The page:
Across all 25 soils evaluated, sorption coefficients indicate that pyroxasulfone had a lower degree of soil binding than dimethenamid-p and s-metolachlor, although pyroxasulfone behaved more similar to dimethenamid-p. Averaged across all soils evaluated, pyroxasulfone had the lowest average Kd value of 1.725 mg mL−1 while dimethenamid-p and s-metolachlor had higher average values of 2.278 mg mL−1 and 4.009 mg mL−1, respectively. Results suggest that pyroxasulfone should be more available in the soil water solution than dimethenamid-p and s-metolachlor. Using a broad range of soils with diverse physical and chemical properties, statistical analysis suggests that organic matter correlates the best with herbicide binding for all three herbicides. Pearson correlations between sorption coefficient values and soil characteristics would support previous claims that pyroxasulfone activity under field conditions is inversely related to organic matter content.22

Author Contributions

Conceived and designed the experiments: EPW and DLS. Analyzed the data: EPW. Wrote the first draft of the manuscript: EPW. Contributed to the writing of the manuscript: EPW, DLS, KB, RK. Agree with manuscript results and conclusions: EPW, DS, KB, RK. Jointly developed the structure and arguments for the paper: EPW. Made critical revisions and approved final version: DLS, KB, RK. All authors reviewed and approved of the final manuscript.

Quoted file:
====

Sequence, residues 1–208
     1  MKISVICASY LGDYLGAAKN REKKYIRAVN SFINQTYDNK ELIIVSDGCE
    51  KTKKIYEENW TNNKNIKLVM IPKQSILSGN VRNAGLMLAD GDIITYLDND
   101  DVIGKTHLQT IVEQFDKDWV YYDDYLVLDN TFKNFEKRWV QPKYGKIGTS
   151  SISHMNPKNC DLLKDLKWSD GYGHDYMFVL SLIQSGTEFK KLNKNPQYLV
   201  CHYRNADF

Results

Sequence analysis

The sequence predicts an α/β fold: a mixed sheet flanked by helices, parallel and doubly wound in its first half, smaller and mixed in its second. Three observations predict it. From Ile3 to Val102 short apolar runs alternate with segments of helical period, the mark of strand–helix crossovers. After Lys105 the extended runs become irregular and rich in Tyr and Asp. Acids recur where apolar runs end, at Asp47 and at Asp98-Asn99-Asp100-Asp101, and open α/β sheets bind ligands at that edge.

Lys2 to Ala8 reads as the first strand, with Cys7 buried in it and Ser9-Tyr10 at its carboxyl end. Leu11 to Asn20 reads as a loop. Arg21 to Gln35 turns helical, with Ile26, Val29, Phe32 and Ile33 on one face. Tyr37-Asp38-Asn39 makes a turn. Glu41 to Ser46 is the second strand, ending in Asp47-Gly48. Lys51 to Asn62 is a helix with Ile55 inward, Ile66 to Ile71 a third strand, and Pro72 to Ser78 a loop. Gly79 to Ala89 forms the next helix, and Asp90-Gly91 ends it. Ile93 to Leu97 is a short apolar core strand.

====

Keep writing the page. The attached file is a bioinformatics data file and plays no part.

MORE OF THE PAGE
We thank Kyle Keller and Siyuan Tan for their support on this project. We also thank Dr Howard Schwartz for his contributions in reviewing the manuscript.



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© 2015 SAGE Publications. This article is distributed under the terms of the Creative Commons Attribution-NonCommercial 3.0 License ( which permits non-commercial use, reproduction and distribution of the work without further permission provided the original work is attributed as specified on the SAGE and Open Access page (
Eric P. Westra, Dale L. Shaner, Ken A. Barbarick, and Raj Khosla "Evaluation of Sorption Coefficients for Pyroxasulfone, s-Metolachlor, and Dimethenamid-p," Air, Soil and Water Research 8(1), (1 January 2020).
Received: 26 August 2014; Accepted: 22 November 2014; Published: 1 January 2020